The House has passed a bill to reopen the federal government without funding for a border wall. Senate Republicans should pass it without delay.

On Thursday night, the new Democratic majority in the U.S. House of Representatives passed a bill that would end the government shutdown, meaning the hundreds of thousands of federal employees who have been either working without pay or on furlough can return to work.

As House Speaker Nancy Pelosi (D-California) promised, the bill does not include funding for a border wall, which President Trump has demanded. In an impromptu press briefing Thursday after the election of Nancy Pelosi as House Speaker — in which Trump took no questions — the president promised to not reopen the government without wall funding as the shutdown threatens to drag on into a third week.

“We’re not doing a wall. Does anyone have any doubt that we’re not doing a wall?” Pelosi said.

Speaker Pelosi has at least one Republican ally in Senator Cory Gardner (R-Colorado), who said Thursday that his party should vote to reopen the government without the $5 billion in border wall funding that Trump called for.

“I think we should pass a continuing resolution to get the government back open. The Senate has done it last Congress, we should do it again today,” said Gardner, who is up for re-election in a state that Hillary Clinton won in 2016.

However, Gardner appears to be the lone Republican with that position. Senator Lindsey Graham (R-South Carolina), one of the president’s most outspoken supporters, said Trump signing a bill to reopen the government without initial border wall funding would be “the end of his presidency.

“If [Trump] gives in now, that’s the end of 2019, in terms of him being an effective president,” Sen. Graham told Fox News’ Sean Hannity.

Even if Trump were to do an about-face and reopen the government without his border wall funding by the end of the week, federal workers still wouldn’t receive a paycheck until the end of January, according to CBS News. Because the automated payment system for federal workers takes several business days to reboot, the earliest federal employees would see a paycheck would be January 25, and that’s only under the most optimistic of expectations.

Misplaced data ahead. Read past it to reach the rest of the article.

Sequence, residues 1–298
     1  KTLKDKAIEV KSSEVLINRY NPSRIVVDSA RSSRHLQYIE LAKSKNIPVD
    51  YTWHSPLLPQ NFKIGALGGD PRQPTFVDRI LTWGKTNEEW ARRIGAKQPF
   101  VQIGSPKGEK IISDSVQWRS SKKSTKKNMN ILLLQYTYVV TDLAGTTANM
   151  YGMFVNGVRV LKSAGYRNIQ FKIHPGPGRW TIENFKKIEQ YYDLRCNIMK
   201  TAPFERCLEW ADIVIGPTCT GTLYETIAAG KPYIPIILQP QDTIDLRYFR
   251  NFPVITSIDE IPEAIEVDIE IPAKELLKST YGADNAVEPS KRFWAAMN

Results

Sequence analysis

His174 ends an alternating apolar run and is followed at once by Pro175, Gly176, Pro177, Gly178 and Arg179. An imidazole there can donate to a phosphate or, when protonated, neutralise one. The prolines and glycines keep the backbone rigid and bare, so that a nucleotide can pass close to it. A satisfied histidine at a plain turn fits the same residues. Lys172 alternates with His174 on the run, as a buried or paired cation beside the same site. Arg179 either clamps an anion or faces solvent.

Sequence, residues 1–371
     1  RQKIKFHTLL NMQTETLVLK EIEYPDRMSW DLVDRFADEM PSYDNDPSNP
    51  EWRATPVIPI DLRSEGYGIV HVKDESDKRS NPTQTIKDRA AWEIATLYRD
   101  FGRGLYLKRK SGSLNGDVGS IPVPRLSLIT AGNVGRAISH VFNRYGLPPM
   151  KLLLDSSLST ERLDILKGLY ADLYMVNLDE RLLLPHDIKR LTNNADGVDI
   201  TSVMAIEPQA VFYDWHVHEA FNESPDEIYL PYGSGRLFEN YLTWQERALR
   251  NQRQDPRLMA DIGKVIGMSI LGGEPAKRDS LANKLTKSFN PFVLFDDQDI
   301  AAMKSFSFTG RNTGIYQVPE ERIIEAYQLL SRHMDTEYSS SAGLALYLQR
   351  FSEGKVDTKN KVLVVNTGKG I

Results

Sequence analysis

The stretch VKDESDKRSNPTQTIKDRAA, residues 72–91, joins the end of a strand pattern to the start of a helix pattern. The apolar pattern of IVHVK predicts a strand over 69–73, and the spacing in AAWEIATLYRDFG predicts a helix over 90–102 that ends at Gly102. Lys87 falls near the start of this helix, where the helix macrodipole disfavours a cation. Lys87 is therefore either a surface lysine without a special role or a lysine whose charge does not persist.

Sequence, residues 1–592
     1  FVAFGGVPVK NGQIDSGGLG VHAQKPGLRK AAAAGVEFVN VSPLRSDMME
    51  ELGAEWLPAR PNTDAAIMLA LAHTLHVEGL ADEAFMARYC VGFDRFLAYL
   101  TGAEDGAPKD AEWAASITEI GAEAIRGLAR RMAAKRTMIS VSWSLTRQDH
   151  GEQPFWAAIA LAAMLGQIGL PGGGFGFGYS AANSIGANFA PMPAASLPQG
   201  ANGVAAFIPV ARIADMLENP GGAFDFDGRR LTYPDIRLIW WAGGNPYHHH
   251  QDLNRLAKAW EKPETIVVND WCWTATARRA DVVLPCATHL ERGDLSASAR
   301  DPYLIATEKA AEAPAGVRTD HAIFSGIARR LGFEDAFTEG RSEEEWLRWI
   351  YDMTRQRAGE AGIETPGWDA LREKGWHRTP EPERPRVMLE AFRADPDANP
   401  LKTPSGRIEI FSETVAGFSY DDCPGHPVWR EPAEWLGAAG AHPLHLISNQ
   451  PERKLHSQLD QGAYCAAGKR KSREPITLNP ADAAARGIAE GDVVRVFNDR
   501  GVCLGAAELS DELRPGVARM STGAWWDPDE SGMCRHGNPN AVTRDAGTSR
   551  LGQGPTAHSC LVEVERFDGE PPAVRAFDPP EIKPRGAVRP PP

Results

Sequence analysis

In the meantime, as the shutdown drags on, the daily lives of not only the 800,000+ affected federal workers are disrupted, but also the lives of the millions of Americans who depend on them. The IRS, for example, won’t be able to process tax refunds that many Americans are counting on. And as Grit Post previously reported, approximately eight million Americans aren’t getting nutrition assistance through offices like the Special Supplemental Nutrition Program for Women, Infants, and Children (WIC).

Given the stark realities faced by millions of Americans and their families, and given that the House has already passed a funding bill, the onus is now on Senate Majority Leader Mitch McConnell (R-Kentucky) to bring the bill to reopen the government up for a vote in his chamber and urge his colleagues to pass it for the good of the country. And if Trump vetoes the bill, senators have both the constitutional authority and the moral obligation to override it. Their constituents are counting on them to act in their interests, not in the interests of the president.


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